The outcome of the global climate negotiations in Glasgow this month hinges in part on the Biden administration’s efforts to pass domestic legislation and to spur other nations’ commitments. “The whole world is watching,” Rachel Kyte, a climate advisor to the UN Secretary General and dean at the Fletcher School of Tufts University, told the New York Times. The 26th Conference of Parties (COP26) begins Oct. 31, while congressional negotiations continue over the reconciliation bill, with a landmark investment in climate, the caring economy, health care and education, and the narrower bipartisan infrastructure bill.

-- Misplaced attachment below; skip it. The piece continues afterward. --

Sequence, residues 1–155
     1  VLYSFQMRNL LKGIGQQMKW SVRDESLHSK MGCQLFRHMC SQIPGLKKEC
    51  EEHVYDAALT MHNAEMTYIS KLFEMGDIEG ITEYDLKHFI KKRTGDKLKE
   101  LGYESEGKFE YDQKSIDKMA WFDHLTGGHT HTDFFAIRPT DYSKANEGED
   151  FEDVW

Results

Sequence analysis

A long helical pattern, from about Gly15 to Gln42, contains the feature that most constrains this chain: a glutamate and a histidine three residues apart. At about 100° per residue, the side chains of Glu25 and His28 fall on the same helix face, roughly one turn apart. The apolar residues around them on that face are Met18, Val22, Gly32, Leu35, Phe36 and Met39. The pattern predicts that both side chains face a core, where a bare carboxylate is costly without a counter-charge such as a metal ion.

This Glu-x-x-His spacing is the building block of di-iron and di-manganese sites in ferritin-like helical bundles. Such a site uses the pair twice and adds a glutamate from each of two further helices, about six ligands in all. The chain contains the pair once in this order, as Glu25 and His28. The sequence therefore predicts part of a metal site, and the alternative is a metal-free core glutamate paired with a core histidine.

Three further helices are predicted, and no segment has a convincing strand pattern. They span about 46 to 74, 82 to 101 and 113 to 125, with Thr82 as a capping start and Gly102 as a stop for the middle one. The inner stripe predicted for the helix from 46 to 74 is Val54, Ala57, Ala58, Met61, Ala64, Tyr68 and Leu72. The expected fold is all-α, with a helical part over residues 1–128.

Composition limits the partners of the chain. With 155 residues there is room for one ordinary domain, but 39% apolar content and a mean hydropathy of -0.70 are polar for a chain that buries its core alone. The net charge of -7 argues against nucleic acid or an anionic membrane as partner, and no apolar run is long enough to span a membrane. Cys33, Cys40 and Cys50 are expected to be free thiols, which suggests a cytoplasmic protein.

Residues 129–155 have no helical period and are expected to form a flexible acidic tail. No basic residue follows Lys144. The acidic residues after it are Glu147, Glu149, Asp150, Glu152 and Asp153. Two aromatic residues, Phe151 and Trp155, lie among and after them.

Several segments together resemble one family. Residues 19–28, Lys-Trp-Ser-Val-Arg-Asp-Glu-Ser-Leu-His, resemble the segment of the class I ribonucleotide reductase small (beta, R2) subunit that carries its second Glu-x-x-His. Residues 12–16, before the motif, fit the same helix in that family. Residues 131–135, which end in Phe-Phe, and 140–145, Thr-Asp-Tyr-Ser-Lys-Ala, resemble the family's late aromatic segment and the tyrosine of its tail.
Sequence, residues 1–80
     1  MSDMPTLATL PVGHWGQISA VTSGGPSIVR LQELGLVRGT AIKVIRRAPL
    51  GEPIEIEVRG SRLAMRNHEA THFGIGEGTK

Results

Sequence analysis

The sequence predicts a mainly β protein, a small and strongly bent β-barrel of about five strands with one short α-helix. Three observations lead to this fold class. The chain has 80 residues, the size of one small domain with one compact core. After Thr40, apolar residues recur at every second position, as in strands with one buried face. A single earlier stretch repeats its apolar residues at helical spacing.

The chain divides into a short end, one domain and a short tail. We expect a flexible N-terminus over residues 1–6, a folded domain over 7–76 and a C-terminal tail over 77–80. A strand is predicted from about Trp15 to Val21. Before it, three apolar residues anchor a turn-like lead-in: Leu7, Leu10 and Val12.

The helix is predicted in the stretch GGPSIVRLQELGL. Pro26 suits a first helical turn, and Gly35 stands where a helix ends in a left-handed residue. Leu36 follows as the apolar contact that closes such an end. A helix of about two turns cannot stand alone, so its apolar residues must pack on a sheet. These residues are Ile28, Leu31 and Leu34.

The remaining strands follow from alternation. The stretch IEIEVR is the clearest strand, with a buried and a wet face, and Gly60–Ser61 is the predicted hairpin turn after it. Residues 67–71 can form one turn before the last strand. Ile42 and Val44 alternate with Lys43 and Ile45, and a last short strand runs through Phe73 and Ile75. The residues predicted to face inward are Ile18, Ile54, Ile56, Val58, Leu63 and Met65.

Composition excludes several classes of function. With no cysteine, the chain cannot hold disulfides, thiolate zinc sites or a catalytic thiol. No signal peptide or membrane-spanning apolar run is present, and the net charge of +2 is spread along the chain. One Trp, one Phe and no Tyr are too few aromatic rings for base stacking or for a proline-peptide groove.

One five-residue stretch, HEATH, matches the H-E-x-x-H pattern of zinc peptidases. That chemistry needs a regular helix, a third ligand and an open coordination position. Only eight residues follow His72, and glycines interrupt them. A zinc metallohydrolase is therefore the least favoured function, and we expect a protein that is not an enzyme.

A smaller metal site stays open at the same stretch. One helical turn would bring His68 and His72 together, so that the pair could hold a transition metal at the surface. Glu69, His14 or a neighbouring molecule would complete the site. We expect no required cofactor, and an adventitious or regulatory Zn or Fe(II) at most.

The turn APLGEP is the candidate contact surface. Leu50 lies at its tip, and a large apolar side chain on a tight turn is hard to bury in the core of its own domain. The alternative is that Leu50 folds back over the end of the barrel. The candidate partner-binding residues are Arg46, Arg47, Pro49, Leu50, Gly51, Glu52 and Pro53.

If the legislation is not yet completed by the COP, Axios reports, Biden could resort to a “plan B,” that relies on regulatory action already taken or proposed on methane, vehicles, HFCs among others; accelerating support for offshore wind and energy loans; and engagement with the private sector to deliver a credible path to Biden’s promised target of a 50-52% emissions cut below 2005 levels by 2030. Biden’s climate envoy, fmr. Sec. of State John Kerry, offered optimism that other nations’ extant and forthcoming commitments to reduce emissions would create momentum that would make the Paris goals viable, but acknowledged more action is needed to get there.

“Will it be that every country has signed on and locked in? The answer is no, that will not happen. But,” Kerry told the Guardian, “it is possible to reach that if [COP26 creates] enough momentum.” That target means carbon emissions —currently still rising — must fall by 45% this decade, many times greater than the 6.4% drop in 2020 due to the pandemic. (COP offering: Axios; Legislation: New York Times $, The Hill; Kerry: The Guardian)